All of the Republicans present voted for H.Res. 38, as well as 17 Democrats: Altmire (PA-4), Barrow (GA-12), Boren (OK-2), Chandler (KY-6), Cooper (TN-5), Costa (CA-20), Costello (IL-12), Donnelly (IN-2), Holden (PA-17), Kissell (NC-8), Lipinski (IL-3), Matheson (UT-2), Peterson (MN-7), Quigley (IL-5), Ross (AR-4), Schrader (OR-5), and Shuler (NC-11).

It is interesting to note that three Illinois Democrats crossed the aisle to vote with their 11 Republican colleagues in Illinois for the spending cuts; in effect, 74% of the Illinois delegation voted for the spending cut.

January 22, 2011

Instruction to Committees for Obamacare Replacement Legislation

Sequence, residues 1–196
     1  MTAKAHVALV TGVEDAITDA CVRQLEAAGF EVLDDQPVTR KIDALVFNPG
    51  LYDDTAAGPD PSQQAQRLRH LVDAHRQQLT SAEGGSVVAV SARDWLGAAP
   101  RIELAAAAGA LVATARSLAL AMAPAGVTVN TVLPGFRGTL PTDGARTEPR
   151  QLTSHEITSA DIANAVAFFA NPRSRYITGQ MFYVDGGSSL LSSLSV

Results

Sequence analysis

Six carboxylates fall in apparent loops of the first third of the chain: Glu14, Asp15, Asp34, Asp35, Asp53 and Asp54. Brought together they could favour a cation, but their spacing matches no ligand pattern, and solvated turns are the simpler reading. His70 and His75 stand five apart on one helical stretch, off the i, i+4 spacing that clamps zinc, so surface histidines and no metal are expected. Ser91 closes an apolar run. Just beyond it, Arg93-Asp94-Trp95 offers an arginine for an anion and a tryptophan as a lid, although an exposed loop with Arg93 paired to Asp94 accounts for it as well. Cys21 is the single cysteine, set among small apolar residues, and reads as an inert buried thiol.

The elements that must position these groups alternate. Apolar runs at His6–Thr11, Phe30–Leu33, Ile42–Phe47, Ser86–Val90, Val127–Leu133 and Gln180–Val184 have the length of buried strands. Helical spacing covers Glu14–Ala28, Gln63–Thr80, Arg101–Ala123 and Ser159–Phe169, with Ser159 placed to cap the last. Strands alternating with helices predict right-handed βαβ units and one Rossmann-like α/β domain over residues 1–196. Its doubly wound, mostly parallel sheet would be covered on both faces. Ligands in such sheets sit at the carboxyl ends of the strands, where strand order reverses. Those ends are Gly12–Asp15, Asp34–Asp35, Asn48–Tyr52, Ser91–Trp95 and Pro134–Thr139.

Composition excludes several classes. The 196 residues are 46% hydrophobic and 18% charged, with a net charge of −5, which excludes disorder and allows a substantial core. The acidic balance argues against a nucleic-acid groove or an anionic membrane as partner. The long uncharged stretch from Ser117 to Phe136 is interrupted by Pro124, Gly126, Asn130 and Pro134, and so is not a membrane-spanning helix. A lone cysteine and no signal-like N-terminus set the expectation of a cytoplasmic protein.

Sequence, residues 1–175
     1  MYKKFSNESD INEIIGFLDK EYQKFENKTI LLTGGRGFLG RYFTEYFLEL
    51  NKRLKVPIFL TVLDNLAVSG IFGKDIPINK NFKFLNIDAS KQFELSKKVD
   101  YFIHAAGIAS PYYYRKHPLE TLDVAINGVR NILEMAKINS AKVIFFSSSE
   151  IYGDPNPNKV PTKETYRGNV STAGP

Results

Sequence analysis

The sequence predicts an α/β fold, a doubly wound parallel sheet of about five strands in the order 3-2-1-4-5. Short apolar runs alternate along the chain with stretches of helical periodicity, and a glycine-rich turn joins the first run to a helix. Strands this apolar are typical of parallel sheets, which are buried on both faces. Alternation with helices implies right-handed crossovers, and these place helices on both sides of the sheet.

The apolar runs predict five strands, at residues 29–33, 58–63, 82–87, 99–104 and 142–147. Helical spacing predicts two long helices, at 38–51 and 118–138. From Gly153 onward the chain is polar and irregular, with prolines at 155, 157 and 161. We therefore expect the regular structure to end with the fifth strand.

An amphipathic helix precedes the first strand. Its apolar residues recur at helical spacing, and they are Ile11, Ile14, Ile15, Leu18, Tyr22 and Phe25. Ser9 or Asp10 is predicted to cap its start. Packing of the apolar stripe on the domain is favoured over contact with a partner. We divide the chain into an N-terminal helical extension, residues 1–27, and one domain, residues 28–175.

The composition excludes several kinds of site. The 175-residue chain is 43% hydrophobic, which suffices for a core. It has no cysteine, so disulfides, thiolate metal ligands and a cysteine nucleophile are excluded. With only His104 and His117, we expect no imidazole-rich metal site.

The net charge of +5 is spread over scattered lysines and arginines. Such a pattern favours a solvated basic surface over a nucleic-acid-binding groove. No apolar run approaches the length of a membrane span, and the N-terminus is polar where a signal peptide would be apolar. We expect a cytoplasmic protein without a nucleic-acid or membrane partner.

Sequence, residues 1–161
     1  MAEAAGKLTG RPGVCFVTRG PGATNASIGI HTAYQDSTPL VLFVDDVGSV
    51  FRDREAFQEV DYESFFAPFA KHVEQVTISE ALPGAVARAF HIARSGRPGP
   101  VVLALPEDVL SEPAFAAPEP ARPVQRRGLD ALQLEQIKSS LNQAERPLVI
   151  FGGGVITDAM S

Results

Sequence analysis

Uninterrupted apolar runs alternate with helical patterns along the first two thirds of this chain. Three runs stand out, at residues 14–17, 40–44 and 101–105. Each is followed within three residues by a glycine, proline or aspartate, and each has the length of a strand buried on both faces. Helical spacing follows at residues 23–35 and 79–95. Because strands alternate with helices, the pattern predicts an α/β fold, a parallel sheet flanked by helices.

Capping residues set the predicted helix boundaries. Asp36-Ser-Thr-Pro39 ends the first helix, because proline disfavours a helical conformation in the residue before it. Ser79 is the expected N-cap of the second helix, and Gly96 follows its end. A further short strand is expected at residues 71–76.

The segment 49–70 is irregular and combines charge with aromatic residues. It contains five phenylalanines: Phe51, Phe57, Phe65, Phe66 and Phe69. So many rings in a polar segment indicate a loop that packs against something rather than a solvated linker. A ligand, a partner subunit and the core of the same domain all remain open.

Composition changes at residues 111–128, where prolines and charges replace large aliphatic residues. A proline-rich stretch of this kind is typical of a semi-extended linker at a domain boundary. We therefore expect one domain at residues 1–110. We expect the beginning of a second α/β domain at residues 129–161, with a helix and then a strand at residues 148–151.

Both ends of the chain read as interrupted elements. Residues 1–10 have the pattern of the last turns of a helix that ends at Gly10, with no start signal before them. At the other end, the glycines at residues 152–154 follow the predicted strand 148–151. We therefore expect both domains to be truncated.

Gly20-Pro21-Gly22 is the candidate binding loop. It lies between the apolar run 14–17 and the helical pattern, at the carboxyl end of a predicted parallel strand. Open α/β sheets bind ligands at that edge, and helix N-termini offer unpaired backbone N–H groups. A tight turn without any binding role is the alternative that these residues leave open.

H.Res. 9 was passed Thursday, January 20th, 2011, instructing the Committee on Education and the Workforce, the Committee on Energy and Commerce, the Committee on the Judiciary, and the Committee on Ways and Means to write proposed legislation that addresses the following points: eliminating job-killing policies and regulations concerning the health care industry; increased competition and choice among private health care insurance providers; pre-existing condition access; tort reform; tax incentives for medical savings and expenses; prohibit government funded abortions; eliminate duplicative government programs; no legislation proposed shall increase the tax burden.

The Resolution passed on a vote of 253-175, with all Republicans voting for it, and the following 14 Democrats also voting for it: Altmire (PA-4), Barrow (GA-12), Boren (OK-2), Brown (FL-3), Chandler (KY-6), Critz (PA-12), Holden (PA-17), Kissell (NC-8), Lipinski (IL-3), Matheson (UT-2), McIntyre (NC-7), Peterson (MN-7), Ross (AR-4), Shuler (NC-11).